IRS under fire: Few answers from agency, administration

This is a rush transcript from "Journal Editorial Report," May 25, 2013. This copy may not be in its final form and may be updated.

PAUL GIGOT: Welcome to the "Journal Editorial Report." I'm Paul Gigot.

Well, another week, but not many answers from the IRS or the Obamaadministration about the targeting of conservative groups during the 2012election campaign. You just heard former IRS commissioner, DouglasSchulman, tell Congress he wasn't responsible and doesn't know who is. Agency official, Lois Lerner, now on administrative leave, invoked her Fifth Amendment right to remain silent, but not before declaring her own innocence. And the administration's story about who knew it and when they knew it continued to evolve.

Joining the panel this week, "Wall Street Journal" columnist and deputy editor, Dan Henninger; senior editorial page writer, Collin Levy; and Washington columnist, Kim Strassel.

So, Collin, what did we learn this week, the most important things we learned this week that were new about this scandal?

COLLIN LEVY, THE WALL STREET JOURNAL: Right. We certainly saw alot of cute answers in those congressional hearings, right? I think those raised as many questions as they answered.

But I think the big things we had confirmed this week are we now know the commissioner, Doug Shulman, knew about this for sure in the spring time of 2012. That was about the same time he was telling Congress that there had been absolutely no targeting. We also know that Lois Lerner knew about this in June of 2011. I think that's pretty clear.

You know, the other thing that happened importantly was we learned a little bit about the process that was going on in Cincinnati and the firestorm that was happening there because, the way that their process works, it's now clear there had to be a little bit broader coordination than has previously been acknowledged.

GIGOT: Collin, do you mean coordination in the Cincinnati office or coordination with the Treasury Department in Washington?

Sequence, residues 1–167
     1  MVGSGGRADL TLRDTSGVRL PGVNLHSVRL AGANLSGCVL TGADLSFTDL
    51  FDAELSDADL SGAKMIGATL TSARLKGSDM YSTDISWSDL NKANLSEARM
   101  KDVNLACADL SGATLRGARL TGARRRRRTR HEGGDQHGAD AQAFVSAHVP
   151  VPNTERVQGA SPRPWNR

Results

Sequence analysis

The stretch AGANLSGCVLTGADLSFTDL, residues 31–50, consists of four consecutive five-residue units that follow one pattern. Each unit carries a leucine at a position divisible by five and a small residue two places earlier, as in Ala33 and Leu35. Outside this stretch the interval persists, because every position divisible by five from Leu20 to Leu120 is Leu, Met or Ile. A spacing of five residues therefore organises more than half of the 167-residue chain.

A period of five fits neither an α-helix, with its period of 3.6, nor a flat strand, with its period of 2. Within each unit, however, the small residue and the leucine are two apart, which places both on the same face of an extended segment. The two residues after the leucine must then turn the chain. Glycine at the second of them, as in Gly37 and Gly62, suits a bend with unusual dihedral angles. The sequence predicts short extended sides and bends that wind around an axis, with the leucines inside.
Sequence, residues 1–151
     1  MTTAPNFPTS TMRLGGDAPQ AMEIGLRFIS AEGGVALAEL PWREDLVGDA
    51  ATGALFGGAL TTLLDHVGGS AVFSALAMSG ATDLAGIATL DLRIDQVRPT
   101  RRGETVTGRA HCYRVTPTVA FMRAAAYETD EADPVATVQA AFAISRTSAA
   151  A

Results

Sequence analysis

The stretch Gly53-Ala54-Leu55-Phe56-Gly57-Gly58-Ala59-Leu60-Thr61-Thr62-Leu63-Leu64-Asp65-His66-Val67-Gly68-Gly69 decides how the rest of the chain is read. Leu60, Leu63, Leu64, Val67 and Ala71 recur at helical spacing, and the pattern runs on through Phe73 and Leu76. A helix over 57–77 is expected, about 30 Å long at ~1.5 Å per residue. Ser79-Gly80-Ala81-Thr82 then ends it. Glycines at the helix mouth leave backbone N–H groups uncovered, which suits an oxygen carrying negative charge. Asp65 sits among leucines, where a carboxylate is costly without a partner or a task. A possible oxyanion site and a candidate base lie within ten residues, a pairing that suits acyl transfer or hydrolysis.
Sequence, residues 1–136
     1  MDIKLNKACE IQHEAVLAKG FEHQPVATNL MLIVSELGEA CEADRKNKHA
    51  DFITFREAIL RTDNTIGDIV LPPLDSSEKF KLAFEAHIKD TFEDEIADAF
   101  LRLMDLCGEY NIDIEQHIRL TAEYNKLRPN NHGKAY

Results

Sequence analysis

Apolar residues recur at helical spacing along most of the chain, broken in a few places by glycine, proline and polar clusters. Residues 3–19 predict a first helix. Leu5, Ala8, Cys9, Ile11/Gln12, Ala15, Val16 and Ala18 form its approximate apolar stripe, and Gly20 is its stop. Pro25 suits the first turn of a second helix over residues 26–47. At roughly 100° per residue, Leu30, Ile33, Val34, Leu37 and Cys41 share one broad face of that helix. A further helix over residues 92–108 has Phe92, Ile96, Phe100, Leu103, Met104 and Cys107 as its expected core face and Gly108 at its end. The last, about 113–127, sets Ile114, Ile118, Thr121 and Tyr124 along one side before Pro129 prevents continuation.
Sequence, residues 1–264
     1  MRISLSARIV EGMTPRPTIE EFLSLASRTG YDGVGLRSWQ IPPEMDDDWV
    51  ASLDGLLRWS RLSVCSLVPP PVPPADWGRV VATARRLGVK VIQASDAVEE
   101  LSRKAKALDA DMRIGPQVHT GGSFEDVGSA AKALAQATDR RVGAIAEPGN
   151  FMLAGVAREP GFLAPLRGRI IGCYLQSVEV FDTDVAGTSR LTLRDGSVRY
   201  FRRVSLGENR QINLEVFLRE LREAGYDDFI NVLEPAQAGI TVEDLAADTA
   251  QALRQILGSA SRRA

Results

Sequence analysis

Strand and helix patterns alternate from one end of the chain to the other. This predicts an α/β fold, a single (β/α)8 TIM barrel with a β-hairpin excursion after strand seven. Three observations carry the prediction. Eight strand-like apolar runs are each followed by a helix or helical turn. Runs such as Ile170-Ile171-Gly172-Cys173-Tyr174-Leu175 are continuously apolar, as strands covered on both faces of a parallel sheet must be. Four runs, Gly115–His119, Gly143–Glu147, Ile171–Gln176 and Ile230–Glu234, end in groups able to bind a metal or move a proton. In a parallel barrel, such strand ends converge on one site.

LEVY: Well, we know for sure that it had to have gone up the chain within the Cincinnati office, but there are also reports, you know, individual reports, that some of this was getting bounced back to Washington, you know, for a secondary review.

GIGOT: Kim, what about the White House response to this? Their basic point is, look, we didn't want to interfere with an investigation so we took complete hands off, nobody told the president, the president didn't need to know. Does that pass the credibility test?

KIM STRASSEL, WASHINGTON COLUMNIST: No. You know, this week was all about the White House's shifting story, who knew what and when. But increasingly, the press and Congress is starting to say, what really matters is not what you knew over the last two months, it's what you knew and what you didn't do over the past two years.

And the reality is you've got a president and a campaign team that themselves, back in 2008, were often, as a campaign, were targeting conservatives. The idea that there was just no knowledge or understanding about what could be happening in the IRS, given all of these reports that were bubbling up and the fact that Congress was looking into it, seems harder and harder to believe. And it's also somewhat hard to understand the White House's very strange proposition that they could not get involved in this in any way because the Inspector General was looking at it. This certainly has not been the standard, you know, for other presidents and other issues in the past.